Mapping the meals even the poors can afford.
Recession Restos aren't just for the US. This financial crisis thing-y is global, and everyone everywhere still has to eat (lavishly).
Heading across the pond, we're looking at Electric Brasserie, a see-and-be-seen hot spot in London's trendy Notting Hill 'hood. Electric is actually kind of a complex, with a sleek bar-and-restaurant next to the Electric Cinema, where you can grab some Champagne and chill on a sofa for two while watching a first-run movie.
But even dinner theaters are having trouble reeling them in nowadays, and Electric is offering a pretty sweet mid-week deal. On Mondays to Wednesdays, you can get a three-course meal and a movie for £28.50 ($42). If you're familiar with London (over)pricing, you know that's a pretty good deal for a menu of steak tartare, pork belly and sticky toffee pudding, followed by a feature film ("The Wrestler," "Waltz with Bashir" and "Rachael Getting Married" are playing this week).
[Photo: Electric Brasserie]
L'Ecole--the restaurant at the French Culinary Institute in Soho--isn't exactly an eatery for those of us hardest-hit by the recession. But for foodies accustomed to the high-end lifestyle who can't quite afford the Nobus and Peter Lugers of the world anymore, this one's got the right price tag.
Because it's a culinary school, you'll be eating grub cooked up by students rather than big-name chefs, but honestly, unless you're a serious gastrophile, it'll be hard to tell the difference.
For moderate prices ($28 at lunch, $42 at dinner), you can get a prix fixe, three-to-five course meal full of high-end French staples like country pate with foie gras and truffles; braised short ribs with sweet potato puree and celery root foam; and pistachio-chocolate crème brulee.
Don't go crazy with the wine list or that price tag will sneak over the $100 mark, but otherwise L'Ecole makes for a relatively inexpensive way to pretend like we're all rich again.
Vegas-sized meal prices at Hawaii's resorts can usually make it difficult to see the state on the cheap. But one resort restaurant that packs a foodie punch without emptying your wallet is Hukilau Lanai at the Kauai Coast Resort. The six-year-old restaurant, which focuses on green, sustainable cuisine from local farms and fisheries, offers an array of high-end-sounding dishes that mostly don't break the $20 mark.
The fresh seafood offerings depend on what locals catch any given day but usually include all the local standbys, like opah, mahi-mahi and pink snapper. Less traditional spins on Hawaiian cuisine include nachos topped with sashimi-grade ahi tuna, sugar cane skewered shrimp and ravioli stuffed with local sweet potato and Feta.
The best choice for cheapskates is sampling all of the above off the happy hour tasting menu, served only from 5 to 6 pm. With all that plus 20 wines priced under $20, you'll think you're back on the mainland. Or at least out of the resorts.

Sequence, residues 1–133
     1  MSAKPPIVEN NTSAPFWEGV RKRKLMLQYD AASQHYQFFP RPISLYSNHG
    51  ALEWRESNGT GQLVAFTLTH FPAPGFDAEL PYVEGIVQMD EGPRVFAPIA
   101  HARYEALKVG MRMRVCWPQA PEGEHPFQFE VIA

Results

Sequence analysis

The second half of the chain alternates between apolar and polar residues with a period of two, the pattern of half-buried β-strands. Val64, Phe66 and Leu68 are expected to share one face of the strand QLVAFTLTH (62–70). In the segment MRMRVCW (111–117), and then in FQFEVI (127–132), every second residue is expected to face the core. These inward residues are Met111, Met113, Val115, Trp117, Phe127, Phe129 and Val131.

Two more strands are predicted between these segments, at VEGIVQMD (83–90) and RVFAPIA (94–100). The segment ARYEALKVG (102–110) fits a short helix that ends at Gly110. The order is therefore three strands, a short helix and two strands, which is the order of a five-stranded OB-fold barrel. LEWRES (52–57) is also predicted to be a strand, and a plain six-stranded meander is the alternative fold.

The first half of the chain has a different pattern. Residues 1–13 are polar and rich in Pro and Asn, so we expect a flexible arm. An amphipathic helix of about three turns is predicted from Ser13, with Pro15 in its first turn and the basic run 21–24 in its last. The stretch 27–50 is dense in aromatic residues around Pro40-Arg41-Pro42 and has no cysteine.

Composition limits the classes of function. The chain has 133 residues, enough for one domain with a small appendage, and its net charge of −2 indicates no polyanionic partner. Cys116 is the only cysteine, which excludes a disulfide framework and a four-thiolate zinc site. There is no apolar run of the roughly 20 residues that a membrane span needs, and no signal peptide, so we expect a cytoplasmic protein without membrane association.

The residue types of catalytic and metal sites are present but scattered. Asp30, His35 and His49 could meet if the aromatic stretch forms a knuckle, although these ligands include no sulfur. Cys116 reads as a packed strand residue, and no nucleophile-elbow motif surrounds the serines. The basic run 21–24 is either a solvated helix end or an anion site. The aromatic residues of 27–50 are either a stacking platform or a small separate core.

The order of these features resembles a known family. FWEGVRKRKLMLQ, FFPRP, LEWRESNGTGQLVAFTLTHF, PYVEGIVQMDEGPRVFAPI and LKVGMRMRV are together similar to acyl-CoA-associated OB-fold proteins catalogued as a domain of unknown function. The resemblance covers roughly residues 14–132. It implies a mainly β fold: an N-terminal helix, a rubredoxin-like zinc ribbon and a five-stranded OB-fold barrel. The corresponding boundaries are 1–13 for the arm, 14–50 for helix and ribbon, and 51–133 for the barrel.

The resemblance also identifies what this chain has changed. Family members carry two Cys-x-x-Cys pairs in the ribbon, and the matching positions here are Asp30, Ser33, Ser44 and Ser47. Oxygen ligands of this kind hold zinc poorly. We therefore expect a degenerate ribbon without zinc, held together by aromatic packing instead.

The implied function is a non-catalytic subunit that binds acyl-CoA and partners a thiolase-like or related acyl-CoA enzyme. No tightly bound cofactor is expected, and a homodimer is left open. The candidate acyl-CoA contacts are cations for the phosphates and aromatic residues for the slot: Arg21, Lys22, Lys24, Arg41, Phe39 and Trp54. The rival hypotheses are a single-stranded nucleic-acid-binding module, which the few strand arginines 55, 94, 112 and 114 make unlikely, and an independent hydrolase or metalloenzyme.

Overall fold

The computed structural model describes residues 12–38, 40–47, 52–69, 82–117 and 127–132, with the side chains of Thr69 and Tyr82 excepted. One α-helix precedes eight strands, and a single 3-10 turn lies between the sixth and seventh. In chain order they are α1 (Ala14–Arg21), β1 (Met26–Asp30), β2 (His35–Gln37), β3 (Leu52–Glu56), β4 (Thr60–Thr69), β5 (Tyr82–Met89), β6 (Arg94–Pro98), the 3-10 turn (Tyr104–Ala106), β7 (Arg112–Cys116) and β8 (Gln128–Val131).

We've been highlighting recession restaurants lately, but what we're looking for is restaurants that make us forget we don't have money anymore. You know, give us those truffles and filet mignon and arugula... for half-price!
But we're a little perplexed by the most recent trend popping up: Restaurants are seeking to remind us that we're in a recession, even treating it as if it's hilariously cute.
Case-in-point: San Francisco's trendy Mission eatery Luna Park, which recently introduced a "blue plate special" that pays homage to Depression-era soup kitchens with inexpensive meals served on cafeteria-style trays.
We can't argue with the deal--$12 for chef Nick Cobarruvias's French-tinged comfort food--but enough with the recession chic! Give us a break--and can you spare a dime?
[Photo: Luna Park]
A few weeks back, dinner-booking site OpenTable.com announced "The Appetite Stimulus Plan," a promotion offering three-course prix fixe meals at 1,300 high-end eateries around the country. We usually don't get too excited about Restaurant Week-style promotions such as this, because they too often go hand-in-hand with limited selections, poor service and obnoxious crowds.
But Philly foodies are in luck, because one of the city's hottest dining rooms--Lacroix at the Rittenhouse--is running with the idea and offering the deal all winter long.
For $24, you can choose from a (limited) lunch menu of upscale comfort creations. For example, warm butternut squash-and-miso soup for a starter, orzo macaroni and cheese with spinach, smoked salmon, and oven dried tomato for the main and a pre-determined dessert tier.
Yes, $24 may sound like a lot to drop on a lunch, but considering mains alone usually go for that much or more at Lacroix, we're smelling a discount that's worth it.
[Photo: Rittenhouse Hotel]
Manhattan's lunchtime favorite The City Bakery is known for their high-end takes on snacky food, particularly the signature pretzel croissant and the super-rich dark hot chocolate with homemade marshmallow. Now, CB is getting on board the recession resto bandwagon, offering up a new happy hour menu designed to appeal to the cheapskate in you.
City Bakery's New Bad Economy Beer Menu serves up heartwarming fried comfort food snacks from 4 to 8 pm, and everything is priced at $10 or less. There are old school comfort classics like deviled eggs, as well as new inventions like the pig in a pretzel-croissant blanket. There's also the gooey deliciousness that is the bacon and chocolate sandwich. If that can't get you out of a depression, what can?
Serious Eats has a great photo gallery of the entire menu. And don't worry, that over-the-top hot chocolate is still there.
Italian-born chef Roberto Donna is one of DC's biggest culinary stars, so when he closed high-end eatery Galileo for renovations, District power-lunchers were more than disappointed. But their pain was NoVa cheapskates' gain, as Donna used his time off to open a more casual take on Galileo: The new-ish Bebo Trattoria in Crystal City, Virginia.